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Jim Henson's Labyrinth Is Being Adapted Into a Stage Musical
Henson Company
Henson Company

More than 30 years after its cinematic debut, Labyrinth could be hitting the stage. In an interview with Forbes, Jim Henson's son and Henson Company CEO Brian Henson shared plans to transform the cult classic into a live musical.

While the new musical would be missing David Bowie in his starring role as Jareth the Goblin King, it would hopefully feature the soundtrack Bowie helped write. Brian Henson says there isn't a set timeline for the project yet, but the stage adaptation of the original film is already in the works.

As for a location, Henson told Forbes he envisions it running, "Not necessarily [on] Broadway, it could be for London's West End, but it will be a stage show, a big theatrical version. It’s very exciting."

Labyrinth premiered in 1986 to measly box office earnings and tepid reviews, but Jim Henson's fairytale has since grown into a phenomenon beloved by nostalgic '80s kids and younger generations alike. In the same Forbes interview, Brian Henson also confirmed the 2017 news that a long-anticipated Labyrinth sequel is apparently in development. Though he couldn't give any specifics, Henson confirmed that, "we are still excited about it but the process moves very slowly and very carefully. We're still excited about the idea of a sequel, we are working on something, but nothing that's close enough to say it's about to be in pre-production or anything like that."

While fans eagerly await those projects to come out, they can get their fix when the film returns to theaters across the U.S. on April 29, May 1, and May 2. Don't forget to wear your best Labyrinth swag to the event.

[h/t Forbes]

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John P. Johnson, HBO
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10 Wild Facts About Westworld
John P. Johnson, HBO
John P. Johnson, HBO

The hit HBO show about an android farm girl finding sentience in a fake version of the old West set in a sci-fi future is back for a second season. So grab your magnifying glass, study up on Lewis Carroll and Shakespeare, and get ready for your brain to turn to scrambled eggs. 

The first season saw Dolores (Evan Rachel Wood) and her robotic compatriots strive to escape bondage as the puppet playthings of a bored society that kills and brutalizes them every day, then repairs them each night to repeat the process for paying customers. The Maze. The Man in Black. The mysteries lurking in cold storage and cantinas. Wood described the first season as a prequel, which means the show can really get on the dusty trail now.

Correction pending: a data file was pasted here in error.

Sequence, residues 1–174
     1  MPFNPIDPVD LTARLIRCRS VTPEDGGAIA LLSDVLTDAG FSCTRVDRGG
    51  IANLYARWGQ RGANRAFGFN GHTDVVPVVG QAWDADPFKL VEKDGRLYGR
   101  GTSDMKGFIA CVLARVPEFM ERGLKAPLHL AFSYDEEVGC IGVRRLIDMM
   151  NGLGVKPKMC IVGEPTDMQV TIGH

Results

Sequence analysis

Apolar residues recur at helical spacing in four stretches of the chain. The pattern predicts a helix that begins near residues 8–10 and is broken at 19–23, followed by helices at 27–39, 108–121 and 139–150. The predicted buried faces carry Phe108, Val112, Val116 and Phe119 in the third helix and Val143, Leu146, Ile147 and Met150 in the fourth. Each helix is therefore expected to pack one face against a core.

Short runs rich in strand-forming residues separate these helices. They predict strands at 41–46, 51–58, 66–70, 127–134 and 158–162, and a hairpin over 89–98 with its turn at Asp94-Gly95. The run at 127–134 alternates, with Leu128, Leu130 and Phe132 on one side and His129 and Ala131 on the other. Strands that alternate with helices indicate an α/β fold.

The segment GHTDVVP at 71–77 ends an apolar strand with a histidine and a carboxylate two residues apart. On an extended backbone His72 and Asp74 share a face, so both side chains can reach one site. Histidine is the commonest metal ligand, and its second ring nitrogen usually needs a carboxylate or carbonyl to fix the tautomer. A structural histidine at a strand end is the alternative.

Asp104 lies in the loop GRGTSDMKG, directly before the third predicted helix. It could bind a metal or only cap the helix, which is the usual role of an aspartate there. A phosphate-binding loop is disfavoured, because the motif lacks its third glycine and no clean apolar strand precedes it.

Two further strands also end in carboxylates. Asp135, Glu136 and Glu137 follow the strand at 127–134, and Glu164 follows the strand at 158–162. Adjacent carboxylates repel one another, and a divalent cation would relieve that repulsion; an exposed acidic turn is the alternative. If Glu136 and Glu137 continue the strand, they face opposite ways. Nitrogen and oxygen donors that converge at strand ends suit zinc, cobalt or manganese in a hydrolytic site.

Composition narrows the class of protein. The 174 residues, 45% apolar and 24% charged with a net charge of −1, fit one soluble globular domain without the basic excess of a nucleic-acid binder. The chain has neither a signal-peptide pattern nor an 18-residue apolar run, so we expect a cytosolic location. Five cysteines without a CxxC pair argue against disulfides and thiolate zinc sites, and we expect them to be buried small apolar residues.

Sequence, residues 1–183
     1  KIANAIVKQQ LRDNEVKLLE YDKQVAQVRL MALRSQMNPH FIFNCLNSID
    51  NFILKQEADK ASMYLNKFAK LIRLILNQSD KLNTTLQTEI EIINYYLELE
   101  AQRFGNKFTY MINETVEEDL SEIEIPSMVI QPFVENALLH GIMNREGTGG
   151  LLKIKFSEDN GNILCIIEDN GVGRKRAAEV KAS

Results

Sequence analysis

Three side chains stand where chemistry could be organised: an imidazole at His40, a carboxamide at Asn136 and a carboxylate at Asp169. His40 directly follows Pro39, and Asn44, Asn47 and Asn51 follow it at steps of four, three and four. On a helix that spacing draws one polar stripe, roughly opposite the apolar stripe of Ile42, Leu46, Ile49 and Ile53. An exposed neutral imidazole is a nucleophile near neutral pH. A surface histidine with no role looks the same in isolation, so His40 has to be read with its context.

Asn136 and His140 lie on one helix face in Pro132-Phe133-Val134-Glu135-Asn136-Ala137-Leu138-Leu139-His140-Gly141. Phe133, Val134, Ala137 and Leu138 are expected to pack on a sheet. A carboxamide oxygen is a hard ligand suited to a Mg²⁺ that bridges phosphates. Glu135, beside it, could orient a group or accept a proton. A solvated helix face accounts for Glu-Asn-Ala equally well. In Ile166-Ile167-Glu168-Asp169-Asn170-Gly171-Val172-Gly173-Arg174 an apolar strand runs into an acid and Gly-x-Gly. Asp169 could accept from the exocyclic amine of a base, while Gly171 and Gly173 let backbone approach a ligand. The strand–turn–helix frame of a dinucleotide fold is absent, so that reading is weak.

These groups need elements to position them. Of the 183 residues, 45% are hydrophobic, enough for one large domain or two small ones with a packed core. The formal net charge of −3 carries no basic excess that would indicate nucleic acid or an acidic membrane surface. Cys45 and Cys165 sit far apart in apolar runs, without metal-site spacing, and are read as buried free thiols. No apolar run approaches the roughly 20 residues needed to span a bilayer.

Before you board the train and head back into the park, here are 10 wild facts about the cerebral, sci-fi hit. (Just beware of season one spoilers!)

1. IT’S NOT THE FIRST TV ADAPTATION OF THE MOVIE.

Though Westworld, the 1973 film written and directed by Michael Crichton, was a hit, its 1976 sequel Futureworld was a flop. Still, the name and concept had enough cachet for CBS to move forward with a television concept in 1980. Beyond Westworld featured Delos head of security John Moore (Jim McMullan) battling against the villainous mad scientist Simon Quaid (James Wainwright), who wants to use the park’s robots to, what else, take over the whole world. It would be a little like if the HBO show focused largely on Luke Hemsworth’s Ashley Stubbs, which just might be the spinoff the world is waiting for.

2. THE ORIGINAL GUNSLINGER HAS A CAMEO.

Ed Harris and Eddie Rouse in 'Westworld'
JOHN P. JOHNSON, HBO

The HBO series pays homage to the original film in a variety of ways, including echoing elements from the score to create that dread-inducing soundscape. It also tipped its ten-gallon hat to Yul Brynner’s relentless gunslinger from the original film by including him in the storage basement with the rest of the creaky old models.

3. QUENTIN TARANTINO, ARNOLD SCHWARZENEGGER, AND MANY OTHERS COULD HAVE REBOOTED IT.

Speaking of Brynner’s steely, murderous resolve: His performance as the robo-cowboy was one of the foundations for Arnold Schwarzenegger’s turn as the Terminator. Nearly 20 years later, in 2002, Schwarzenegger signed on to produce and star in a reboot of the sci-fi film from which he took his early acting cues. Schwarzenegger never took over the role from Brynner because he served as Governor of California instead, and the reboot languished in development hell.

Warner Bros. tried to get Quentin Tarantino on board, but he passed. They also signed The Cell director Tarsem Singh (whose old West would have been unbelievably lush and colorful, no doubt), but it fell through. A few years later, J.J. Abrams—who had met with Crichton about a reboot back in 1996—pitched eventual co-creators Jonathan Nolan and Lisa Joy on doing it as a television series. HBO bought it, and the violent delights finally made it to our screens.